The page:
Exposing Hillary So She Won't Get Elected

Hillary Aide Vetted Public Records Requests for Political Reasons

Quick background: The Freedom of Information Act (FOIA) exists for one purpose, to allow citizens, including journalists, to demand their government release documents of public interest. The idea is to follow Thomas Jefferson’s claim that an informed public is critical to a democracy. FOIA provides that the government must release a requested document except under a few supposedly narrow criteria, such as national security, personal data such as a staff member’s Social Security number and a few others.

To be very clear: the fact that a document might politically embarrass Hillary Clinton is not a criteria for holding back a document requested under FOIA.

That said, the newest tranche of Clinton emails shows that Hillary indeed had such an illegal vetting system in place at the State Department.

Hillary Clinton’s top aide, Cheryl Mills, was closely involved in vetting politically sensitive documents requested under public information laws, according to emails from the Department of State. Public records officials, who should have been the final decision makers at the State Department, instead sought clearance from Mills, Clinton’s chief of staff, in 2012 before releasing a memo related to the Bush administration’s enhanced interrogation program.

The email corroborates a Wall Street Journal article last May that reported that Mills had been involved in vetting documents requested under the Freedom of Information Act, a process that is typically expected to be independent of political influence.

Sheryl Walter, the director of the State Department’s public information office, wrote to Patrick Kennedy, the State Department’s undersecretary for management, and other officials on April 2, 2012 to inform them of a “pending FOIA release likely to get press attention.”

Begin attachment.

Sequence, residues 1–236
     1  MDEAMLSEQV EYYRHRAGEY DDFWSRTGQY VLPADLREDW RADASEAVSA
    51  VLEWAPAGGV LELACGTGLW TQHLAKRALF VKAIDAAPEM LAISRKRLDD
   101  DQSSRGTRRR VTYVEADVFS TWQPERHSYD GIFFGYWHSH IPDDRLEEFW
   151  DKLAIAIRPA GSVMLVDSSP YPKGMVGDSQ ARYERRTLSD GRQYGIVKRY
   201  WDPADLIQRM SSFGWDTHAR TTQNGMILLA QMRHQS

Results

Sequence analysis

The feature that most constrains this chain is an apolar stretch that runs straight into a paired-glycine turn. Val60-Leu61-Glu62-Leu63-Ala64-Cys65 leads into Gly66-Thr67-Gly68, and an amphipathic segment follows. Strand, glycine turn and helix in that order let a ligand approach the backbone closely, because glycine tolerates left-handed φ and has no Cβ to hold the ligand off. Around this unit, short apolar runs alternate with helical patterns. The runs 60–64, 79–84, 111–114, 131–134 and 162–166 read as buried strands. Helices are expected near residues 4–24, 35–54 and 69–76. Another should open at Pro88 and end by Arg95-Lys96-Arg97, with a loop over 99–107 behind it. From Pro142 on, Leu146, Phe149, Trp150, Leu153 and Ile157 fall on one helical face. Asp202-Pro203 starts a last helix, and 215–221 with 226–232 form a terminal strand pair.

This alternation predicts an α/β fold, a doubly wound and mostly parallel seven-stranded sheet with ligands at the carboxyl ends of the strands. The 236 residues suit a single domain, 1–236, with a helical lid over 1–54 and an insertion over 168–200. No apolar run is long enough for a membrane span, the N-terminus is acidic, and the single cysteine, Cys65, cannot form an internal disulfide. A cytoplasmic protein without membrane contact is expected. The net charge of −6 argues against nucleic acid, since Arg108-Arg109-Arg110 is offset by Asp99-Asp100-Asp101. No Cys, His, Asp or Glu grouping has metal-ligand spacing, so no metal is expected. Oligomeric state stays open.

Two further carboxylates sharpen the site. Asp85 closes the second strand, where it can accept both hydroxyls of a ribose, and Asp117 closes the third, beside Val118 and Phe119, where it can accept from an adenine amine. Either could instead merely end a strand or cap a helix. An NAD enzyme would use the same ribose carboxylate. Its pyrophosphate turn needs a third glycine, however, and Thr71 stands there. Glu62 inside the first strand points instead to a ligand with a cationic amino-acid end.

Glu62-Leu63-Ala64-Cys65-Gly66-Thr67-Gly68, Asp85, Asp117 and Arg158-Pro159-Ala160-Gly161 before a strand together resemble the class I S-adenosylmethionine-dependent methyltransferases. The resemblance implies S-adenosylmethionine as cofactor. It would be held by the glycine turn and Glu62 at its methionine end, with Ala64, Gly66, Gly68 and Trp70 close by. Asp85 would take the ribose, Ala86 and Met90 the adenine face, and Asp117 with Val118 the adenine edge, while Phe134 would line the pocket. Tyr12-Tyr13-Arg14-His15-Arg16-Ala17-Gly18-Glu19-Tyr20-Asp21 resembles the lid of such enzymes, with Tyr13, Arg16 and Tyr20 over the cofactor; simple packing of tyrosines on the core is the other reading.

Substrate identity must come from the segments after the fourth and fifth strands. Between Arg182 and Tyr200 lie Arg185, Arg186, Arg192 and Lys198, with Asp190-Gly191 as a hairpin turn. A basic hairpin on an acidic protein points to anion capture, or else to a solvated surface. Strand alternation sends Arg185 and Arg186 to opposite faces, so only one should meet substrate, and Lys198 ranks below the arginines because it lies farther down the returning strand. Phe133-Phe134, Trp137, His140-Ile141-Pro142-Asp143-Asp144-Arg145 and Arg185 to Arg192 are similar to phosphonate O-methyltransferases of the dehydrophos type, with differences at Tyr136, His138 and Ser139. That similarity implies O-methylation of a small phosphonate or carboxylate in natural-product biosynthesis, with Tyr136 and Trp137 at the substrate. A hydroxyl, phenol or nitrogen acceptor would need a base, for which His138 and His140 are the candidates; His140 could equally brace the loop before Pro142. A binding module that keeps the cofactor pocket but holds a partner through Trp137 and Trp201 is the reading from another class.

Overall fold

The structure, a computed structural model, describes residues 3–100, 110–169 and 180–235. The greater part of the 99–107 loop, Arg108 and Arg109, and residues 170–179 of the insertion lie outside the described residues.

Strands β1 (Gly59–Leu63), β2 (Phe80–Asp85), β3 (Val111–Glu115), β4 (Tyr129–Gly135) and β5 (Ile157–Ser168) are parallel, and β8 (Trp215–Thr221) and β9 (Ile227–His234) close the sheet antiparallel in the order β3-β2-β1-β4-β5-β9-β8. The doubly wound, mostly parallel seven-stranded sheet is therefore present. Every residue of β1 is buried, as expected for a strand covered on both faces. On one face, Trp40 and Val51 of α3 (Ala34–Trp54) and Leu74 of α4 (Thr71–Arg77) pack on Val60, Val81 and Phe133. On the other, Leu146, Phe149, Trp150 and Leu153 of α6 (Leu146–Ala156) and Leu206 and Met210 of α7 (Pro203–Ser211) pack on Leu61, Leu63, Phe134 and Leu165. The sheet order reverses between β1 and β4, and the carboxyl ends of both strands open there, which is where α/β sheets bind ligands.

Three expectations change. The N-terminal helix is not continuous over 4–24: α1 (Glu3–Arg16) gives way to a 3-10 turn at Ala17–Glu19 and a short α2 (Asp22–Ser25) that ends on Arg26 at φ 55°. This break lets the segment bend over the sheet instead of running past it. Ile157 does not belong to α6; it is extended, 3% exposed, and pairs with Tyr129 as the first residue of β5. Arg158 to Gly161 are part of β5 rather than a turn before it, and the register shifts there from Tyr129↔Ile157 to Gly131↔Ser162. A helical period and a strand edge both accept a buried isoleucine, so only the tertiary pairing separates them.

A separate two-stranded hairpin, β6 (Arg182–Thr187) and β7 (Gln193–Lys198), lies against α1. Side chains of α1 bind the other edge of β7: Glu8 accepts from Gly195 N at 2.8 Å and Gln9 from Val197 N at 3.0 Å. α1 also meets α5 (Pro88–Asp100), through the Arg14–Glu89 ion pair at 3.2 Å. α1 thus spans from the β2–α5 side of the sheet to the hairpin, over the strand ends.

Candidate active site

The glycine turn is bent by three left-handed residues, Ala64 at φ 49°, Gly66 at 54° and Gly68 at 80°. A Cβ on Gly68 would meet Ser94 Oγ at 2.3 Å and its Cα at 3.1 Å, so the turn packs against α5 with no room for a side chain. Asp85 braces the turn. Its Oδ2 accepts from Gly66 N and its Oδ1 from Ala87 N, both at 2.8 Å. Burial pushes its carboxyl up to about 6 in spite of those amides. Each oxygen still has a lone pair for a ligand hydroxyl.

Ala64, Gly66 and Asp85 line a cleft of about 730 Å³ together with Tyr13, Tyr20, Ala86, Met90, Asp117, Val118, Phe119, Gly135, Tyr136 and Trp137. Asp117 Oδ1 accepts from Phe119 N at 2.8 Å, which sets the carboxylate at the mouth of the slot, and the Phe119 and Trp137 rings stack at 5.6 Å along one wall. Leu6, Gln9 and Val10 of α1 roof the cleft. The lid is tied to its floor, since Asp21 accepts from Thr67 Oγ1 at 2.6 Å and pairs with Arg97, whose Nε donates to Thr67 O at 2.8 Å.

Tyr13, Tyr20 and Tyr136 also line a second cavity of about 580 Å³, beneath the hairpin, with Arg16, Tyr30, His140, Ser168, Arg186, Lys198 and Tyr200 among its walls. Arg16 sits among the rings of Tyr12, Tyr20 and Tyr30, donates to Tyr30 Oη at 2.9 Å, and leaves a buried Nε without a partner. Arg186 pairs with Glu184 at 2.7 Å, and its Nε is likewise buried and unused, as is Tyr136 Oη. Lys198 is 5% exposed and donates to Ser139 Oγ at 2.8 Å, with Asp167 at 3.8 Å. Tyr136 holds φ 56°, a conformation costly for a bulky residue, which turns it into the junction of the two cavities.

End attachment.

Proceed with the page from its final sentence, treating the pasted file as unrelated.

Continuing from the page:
The document eventually released was a 2006 paper known as the “Zelikow memo,” which had been written by a Bush administration official concerning the government’s enhanced interrogation program.

Walter told Kennedy in an email that “Cheryl Mills is aware and has cleared” the memo for release.

“I wanted to be sure you all were in the loop on this now so that you won’t be taken by surprise and were assured this has been fully vetted, cleared, and planned for,” wrote Walter.

Later that day, Kennedy emailed Mills and asked, “Does this comport with what you have agreed to?” That evening, Mills forwarded the messages from Kennedy and Walter to Hillary Clinton.

Mills’s involvement in the information request process under Clinton came under scrutiny from Senator Charles Grassley, the chairman of the Senate Judiciary Committee, after the Wall Street Journal reported last May that the Clinton aide “scrutinized politically sensitive documents requested under public records law and sometimes blocked their release.”

Grassley sent a letter to Secretary of State John Kerry last spring questioning the department’s public information practices and criticizing the FOIA management process under Clinton as “troubling.”

“As recent reports indicate, it appears the political concerns of senior agency staff are undermining the public’s right to know under FOIA,” wrote Grassley in the May 22, 2015 letter. “This is, without question, a far cry from the spirit of our nation’s transparency laws, as well as from the President’s ‘presumption of openness.’”